For more tips on working with Styles starting on p. 60 of the book.


Got a gnarly Word problem? Submit your problem and we’ll try to answer it in the new Q&A thread.


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© This blog and all materials in it are copyright Adrienne Montgomerie on the date of publication. All rights reserved. No portion may be stored or distributed without express written permission. Asking is easy!

Image of art media by Gábor Adonyi from Pixabay

Fix Extra Line Spaces

pretzel shaped as a reverse P, the pilcrow paragraph mark

Extra line spaces in a manuscript create layout problems. Whether they were used to create paragraph spacing or start a new page, manual line spacing just isn’t the best practice. What works more elegantly in the workflow is setting the paragraph spacing and using manual page breaks. But first, get rid of those extra line breaks and hard returns!

Just like the extra spaces in last week’s post, there’s no reason to be hunting and destroying extra line spaces by eye, one at a time. With a simple find and replace, MS Word can rid the file of these unwanted artifacts with just a click (or two).

Easy Steps to Rid the Manuscript of Unneeded Line Spaces

  1. Open the Search (Navigation) panel and in the Find field, simply type ^p^p. That’s two special codes for a hard return. These can also be selected from the dropdown menu beside the find field.
  2. In the Replace field, type just one ^p.
  3. Click Replace All. Then click OK when Word brags about how many replacements it made.
  4. Keep clicking Replace All until Word tells you that zero replacements were made.

Troubleshooting

You may have to repeat this Find & Replace many times until Word reports that zero changes were made. You may even want to start by putting many more ^p in the Find field.

To see what kind of break was used, click the ¶ on the Home ribbon.

Sometimes the line breaks are made with “soft” returns, not “hard” ones. When you reveal the non-printing characters, soft returns look like this ⏎ instead of a pilcrow (¶). To find and replace those, type ^l in the Find field and a space in the Replace field. (Just click the space bar.) If this creates two spaces, the fix for that is just as easy.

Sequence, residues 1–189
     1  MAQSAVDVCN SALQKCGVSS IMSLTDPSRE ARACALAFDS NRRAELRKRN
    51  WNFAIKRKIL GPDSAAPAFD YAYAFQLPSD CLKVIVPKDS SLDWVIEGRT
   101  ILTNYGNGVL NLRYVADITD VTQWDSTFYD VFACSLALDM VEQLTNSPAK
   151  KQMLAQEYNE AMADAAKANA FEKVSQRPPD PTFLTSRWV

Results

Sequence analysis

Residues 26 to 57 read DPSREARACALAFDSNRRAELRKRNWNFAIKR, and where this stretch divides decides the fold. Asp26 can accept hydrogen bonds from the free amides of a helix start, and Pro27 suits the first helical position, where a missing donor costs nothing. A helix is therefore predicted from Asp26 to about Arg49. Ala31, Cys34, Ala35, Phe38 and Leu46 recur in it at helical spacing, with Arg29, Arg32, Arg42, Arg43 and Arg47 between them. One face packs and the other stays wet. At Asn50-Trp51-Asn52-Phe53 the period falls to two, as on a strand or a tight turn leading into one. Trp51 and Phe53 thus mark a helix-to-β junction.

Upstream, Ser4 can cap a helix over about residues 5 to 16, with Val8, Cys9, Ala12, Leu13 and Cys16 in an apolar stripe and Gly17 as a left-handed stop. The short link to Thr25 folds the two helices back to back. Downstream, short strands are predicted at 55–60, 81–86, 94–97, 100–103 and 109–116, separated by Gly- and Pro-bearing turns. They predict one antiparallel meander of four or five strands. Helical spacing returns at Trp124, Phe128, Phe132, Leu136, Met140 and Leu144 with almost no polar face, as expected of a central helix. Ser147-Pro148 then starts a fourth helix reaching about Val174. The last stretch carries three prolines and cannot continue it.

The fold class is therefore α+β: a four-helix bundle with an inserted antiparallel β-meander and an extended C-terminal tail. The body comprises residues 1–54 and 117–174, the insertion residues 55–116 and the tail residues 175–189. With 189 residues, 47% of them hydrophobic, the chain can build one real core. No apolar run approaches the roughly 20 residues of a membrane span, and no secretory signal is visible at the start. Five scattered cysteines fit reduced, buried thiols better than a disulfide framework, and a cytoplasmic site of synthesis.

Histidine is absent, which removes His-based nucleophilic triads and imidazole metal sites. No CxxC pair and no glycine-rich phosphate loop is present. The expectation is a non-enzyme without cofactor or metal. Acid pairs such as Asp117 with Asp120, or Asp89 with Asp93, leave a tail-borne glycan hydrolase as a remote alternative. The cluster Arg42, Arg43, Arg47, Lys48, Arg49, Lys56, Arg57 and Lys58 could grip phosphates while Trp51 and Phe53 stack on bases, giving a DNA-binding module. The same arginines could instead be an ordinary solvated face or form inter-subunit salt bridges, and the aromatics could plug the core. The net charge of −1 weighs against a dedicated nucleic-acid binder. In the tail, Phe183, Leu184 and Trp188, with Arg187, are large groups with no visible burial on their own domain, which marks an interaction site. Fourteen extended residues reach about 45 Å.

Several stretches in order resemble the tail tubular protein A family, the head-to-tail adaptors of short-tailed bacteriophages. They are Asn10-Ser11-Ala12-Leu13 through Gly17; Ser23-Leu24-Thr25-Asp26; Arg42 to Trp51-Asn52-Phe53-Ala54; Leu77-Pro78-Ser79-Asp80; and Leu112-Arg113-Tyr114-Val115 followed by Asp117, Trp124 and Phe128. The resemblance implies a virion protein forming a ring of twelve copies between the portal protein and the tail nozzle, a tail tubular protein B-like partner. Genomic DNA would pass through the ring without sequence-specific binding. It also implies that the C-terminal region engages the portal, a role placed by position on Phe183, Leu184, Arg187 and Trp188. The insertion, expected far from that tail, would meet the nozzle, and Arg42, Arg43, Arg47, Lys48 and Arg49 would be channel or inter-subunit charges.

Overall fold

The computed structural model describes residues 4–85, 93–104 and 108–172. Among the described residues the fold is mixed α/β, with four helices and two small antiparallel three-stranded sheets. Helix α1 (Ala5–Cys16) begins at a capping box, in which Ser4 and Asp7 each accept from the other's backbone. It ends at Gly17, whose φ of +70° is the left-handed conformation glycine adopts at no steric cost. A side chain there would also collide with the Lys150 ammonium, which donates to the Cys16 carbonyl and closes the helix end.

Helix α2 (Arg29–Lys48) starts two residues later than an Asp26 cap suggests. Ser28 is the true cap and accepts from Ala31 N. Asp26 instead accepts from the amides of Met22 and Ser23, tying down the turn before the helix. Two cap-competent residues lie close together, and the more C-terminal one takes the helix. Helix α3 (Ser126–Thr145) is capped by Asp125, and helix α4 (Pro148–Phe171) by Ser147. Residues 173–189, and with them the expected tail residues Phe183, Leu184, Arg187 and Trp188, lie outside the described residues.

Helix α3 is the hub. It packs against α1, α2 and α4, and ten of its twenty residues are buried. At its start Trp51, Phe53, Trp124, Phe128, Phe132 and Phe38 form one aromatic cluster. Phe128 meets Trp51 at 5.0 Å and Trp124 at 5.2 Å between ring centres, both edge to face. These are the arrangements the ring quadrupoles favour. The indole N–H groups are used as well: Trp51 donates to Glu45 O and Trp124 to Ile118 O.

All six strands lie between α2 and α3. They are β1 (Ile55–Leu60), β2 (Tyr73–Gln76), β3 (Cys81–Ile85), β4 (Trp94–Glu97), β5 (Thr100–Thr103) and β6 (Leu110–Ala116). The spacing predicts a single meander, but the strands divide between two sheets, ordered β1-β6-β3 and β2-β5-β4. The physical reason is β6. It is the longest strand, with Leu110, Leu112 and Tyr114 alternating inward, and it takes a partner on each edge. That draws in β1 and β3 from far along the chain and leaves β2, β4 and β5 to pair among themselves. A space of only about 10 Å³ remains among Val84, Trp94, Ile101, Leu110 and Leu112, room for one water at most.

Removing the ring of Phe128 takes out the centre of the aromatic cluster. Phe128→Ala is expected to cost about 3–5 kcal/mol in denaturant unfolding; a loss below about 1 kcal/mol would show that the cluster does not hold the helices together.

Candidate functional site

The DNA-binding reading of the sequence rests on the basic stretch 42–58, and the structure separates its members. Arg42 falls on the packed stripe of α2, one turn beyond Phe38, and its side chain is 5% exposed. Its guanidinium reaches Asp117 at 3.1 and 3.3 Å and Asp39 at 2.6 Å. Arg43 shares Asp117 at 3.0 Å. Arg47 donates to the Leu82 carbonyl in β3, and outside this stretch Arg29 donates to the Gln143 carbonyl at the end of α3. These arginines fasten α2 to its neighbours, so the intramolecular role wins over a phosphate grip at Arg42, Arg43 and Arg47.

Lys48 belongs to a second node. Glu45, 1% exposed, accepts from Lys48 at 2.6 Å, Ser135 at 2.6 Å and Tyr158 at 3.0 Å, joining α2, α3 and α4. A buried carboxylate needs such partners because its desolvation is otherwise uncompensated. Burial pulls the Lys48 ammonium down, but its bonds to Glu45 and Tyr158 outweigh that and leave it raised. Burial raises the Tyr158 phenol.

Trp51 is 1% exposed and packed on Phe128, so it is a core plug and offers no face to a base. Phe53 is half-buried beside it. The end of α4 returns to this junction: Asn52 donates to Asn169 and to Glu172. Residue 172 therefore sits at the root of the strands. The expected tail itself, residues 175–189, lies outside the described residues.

Windows users will need to go into Advanced Find & Replace to select either Paragraph Mark for ^p or Manual Line Break for ^l from the dropdown list opened from the Special button.
Mac users can select either Paragraph Mark for ^p or Manual Line Break for ^l from the dropdown list arrow beside the Find field.
book cover cropped to banner size
For more tips on working with Find and Replace, start on p. 47 of the book.

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cover of editing in word 2016 2nd edition

Turn Double Spaces into Single with Just a Click

Whether it’s a holdover from the old days or someone following APA’s guide from a few years ago, every editor will eventually see a manuscript that has two spaces after every period. Because modern layout software handles sentence spacing better than typewriters did, these double spaces are no longer necessary and can, in fact, create weirdly large spacing. One of the routine things an editor (or compositor) does is strip out those double spaces. But there’s no reason to be doing this by eye, one at a time. With a simple find and replace, MS Word can rid the file of these ancient artifacts with just a click.

How to Turn Two Spaces into One

  1. Open the Search (Navigation) panel and in the Find field, simply type two spaces. They’ll look like nothing on screen, but you’ll be able to move the cursor across them using the arrow keys.
  2. In the Replace field, type a single space.
  3. Click Replace All. Then click OK when Word brags about how many replacements it made.
  4. Keep clicking Replace All until Word tells you that zero replacements were made.

Troubleshooting

Turn off track changes before doing this and just leave a note that the change was made. Otherwise the tracked deletions will overwhelm the writers and hide substantive changes you’d actually like them to check. Of course, if your client forbids untracked changes, they’ve designed their own hell and are welcome to it.

If multiple spaces have been used to create paragraph indenting or (lord forbid) table alignment, all of that will be lost. Skim the original document (two-page view is great for this) or search it for three spaces to find any problem areas that you’ll have to reset with proper tab marks or hanging indents, or set as a proper table.

book cover cropped to banner size
For more tips on working with Find and Replace, start on p. 47 of the book.

Never miss a Word-Wrangling Wednesday tip. Sign up to get them by email. By practicing one tip each week, you can invest 13 hours this year into professional development. To search the blog, use the red-orange bar just above this paragraph.

cover of editing in word 2016 2nd edition